Caden­shae is a story about a thriv­ing North­land busi­ness. It’s also about love, fam­ily ties and a life well lived.

In the pic­turesque North­land sea­side com­mu­nity of One Tree Point, Nikki and Adam Clarke are build­ing a fas­t­ex­pand­ing global busi­ness while rais­ing three young chil­dren with a fourth on the way.

To boot they em­ploy all four of their par­ents in the busi­ness and have trans­formed their pre­vi­ous lives as per­sonal train­ers and a former rugby pro­fes­sional (Adam) to start a busi­ness sell­ing ac­tivewear for breast­feed­ing moth­ers.

And this three-year-old com­pany is no min­ion. Caden­shae is on tar­get to turn over $4 mil­lion this year – up from the $300,000 turnover in their first year.

The busi­ness is named af­ter the cou­ple’s el­dest daugh­ter Caden Shae, now aged four. She was closely fol­lowed by an­other daugh­ter Ryan and the cou­ple’s first son Kace, now 18 months old. Nikki was 40 weeks preg­nant and ex­pect­ing a sec­ond son any day when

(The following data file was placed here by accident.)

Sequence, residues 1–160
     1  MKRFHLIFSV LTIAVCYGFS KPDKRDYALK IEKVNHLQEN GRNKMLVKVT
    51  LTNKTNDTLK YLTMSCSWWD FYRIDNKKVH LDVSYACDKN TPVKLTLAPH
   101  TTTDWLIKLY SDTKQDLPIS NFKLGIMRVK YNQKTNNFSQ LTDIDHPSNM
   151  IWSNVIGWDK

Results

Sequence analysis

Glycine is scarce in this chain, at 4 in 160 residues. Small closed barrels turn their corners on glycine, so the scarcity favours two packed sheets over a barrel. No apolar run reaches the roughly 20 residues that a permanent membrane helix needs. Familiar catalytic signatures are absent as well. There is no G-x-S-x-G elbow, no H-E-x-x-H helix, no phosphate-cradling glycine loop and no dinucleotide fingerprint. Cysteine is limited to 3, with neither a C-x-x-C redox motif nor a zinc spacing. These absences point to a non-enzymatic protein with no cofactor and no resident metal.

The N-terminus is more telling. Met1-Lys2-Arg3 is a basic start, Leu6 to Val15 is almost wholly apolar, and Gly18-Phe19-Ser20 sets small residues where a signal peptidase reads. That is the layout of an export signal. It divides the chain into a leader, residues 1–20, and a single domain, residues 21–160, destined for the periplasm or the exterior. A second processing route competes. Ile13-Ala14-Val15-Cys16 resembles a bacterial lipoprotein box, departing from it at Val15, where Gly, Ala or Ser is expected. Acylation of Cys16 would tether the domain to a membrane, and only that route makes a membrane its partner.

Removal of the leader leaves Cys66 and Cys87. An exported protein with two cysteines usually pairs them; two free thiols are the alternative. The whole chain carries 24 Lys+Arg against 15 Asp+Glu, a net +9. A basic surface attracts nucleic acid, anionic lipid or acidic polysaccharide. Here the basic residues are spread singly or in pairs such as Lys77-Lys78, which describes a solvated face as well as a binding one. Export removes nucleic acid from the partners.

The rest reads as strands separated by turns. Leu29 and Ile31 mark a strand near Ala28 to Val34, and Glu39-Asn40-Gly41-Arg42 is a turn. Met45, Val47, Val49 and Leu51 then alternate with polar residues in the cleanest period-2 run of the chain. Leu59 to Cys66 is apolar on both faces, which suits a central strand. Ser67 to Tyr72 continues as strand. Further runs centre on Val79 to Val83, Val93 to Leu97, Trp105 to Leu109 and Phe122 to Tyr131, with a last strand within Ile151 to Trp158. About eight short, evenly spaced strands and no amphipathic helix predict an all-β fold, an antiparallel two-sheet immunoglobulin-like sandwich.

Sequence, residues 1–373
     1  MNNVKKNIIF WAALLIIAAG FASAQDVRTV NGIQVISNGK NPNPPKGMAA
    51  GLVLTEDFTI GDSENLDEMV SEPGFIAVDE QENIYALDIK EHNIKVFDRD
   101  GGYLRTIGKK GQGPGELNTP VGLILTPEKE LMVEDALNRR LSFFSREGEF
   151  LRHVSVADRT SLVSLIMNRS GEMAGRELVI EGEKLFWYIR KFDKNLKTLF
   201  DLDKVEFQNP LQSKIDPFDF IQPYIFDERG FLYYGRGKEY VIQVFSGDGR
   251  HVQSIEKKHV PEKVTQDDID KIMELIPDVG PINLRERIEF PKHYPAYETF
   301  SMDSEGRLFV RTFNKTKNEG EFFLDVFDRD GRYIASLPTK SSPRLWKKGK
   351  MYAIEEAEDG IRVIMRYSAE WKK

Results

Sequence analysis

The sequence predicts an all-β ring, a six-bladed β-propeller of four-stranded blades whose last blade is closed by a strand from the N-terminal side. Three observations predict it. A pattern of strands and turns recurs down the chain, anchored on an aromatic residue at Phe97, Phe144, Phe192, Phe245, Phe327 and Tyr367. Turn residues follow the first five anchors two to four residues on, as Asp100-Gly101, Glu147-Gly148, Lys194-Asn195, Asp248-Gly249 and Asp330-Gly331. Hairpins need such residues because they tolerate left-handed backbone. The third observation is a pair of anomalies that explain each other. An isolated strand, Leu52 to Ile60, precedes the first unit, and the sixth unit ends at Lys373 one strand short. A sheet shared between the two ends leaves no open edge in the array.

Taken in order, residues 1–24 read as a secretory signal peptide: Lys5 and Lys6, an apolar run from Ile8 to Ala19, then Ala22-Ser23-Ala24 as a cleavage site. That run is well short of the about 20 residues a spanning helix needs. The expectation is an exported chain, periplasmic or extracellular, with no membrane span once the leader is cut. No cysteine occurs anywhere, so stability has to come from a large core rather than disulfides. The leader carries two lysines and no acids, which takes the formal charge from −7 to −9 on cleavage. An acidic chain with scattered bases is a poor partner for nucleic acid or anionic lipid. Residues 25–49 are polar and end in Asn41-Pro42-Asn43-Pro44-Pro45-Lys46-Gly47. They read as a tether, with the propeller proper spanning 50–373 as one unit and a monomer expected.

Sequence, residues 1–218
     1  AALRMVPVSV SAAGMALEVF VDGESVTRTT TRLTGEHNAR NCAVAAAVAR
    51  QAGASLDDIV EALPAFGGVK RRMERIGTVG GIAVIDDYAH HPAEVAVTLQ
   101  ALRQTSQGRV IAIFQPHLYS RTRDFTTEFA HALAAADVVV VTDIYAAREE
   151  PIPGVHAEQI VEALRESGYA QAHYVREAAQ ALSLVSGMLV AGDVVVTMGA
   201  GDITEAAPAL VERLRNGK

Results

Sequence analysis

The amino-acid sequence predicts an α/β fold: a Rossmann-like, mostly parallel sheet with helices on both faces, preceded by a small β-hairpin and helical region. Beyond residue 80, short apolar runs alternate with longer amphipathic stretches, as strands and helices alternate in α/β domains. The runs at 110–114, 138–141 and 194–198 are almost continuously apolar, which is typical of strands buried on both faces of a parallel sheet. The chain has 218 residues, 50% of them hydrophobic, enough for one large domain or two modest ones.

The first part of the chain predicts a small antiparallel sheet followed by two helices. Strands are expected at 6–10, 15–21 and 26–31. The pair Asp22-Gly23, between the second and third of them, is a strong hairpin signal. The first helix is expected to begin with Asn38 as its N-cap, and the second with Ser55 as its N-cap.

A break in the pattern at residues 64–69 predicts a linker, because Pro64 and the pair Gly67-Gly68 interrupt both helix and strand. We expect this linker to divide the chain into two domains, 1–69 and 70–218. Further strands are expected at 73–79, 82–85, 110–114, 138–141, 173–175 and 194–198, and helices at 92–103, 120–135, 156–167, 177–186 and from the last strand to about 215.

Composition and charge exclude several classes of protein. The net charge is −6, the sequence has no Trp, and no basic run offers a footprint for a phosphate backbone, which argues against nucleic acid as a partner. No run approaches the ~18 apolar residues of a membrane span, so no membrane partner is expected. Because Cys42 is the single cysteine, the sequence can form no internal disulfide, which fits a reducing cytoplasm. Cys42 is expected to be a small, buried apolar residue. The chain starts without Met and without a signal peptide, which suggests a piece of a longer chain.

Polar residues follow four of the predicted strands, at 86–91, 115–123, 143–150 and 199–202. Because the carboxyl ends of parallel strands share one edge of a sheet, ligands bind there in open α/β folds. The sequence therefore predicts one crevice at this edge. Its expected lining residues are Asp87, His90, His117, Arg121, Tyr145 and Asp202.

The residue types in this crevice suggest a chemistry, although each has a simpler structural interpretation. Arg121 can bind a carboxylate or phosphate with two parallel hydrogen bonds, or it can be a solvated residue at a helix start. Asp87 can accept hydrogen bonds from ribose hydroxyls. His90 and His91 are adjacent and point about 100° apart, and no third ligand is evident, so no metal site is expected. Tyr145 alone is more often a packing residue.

NZBusi­ness spoke to the cou­ple. It was af­ter Caden was born that the idea for the busi­ness hit Nikki. As a per­sonal trainer she’s an ac­tive per­son, loves to ex­er­cise and she wanted to re­turn to work quite quickly. De­spite sev­eral months scour­ing the In­ter­net, she couldn’t find any nurs­ing bras that suited a young mum want­ing to be ac­tive and ex­er­cis­ing but able to breast­feed as, and when, needed.

And this, she re­alised, was a ma­jor gap in the mar­ket – lo­cally and in­ter­na­tion­ally.

Cue 14 months later and Caden­shae was born, with ac­tivewear, nurs­ing bras and other gar­ments de­signed by Nikki and man­u­fac­tured in China.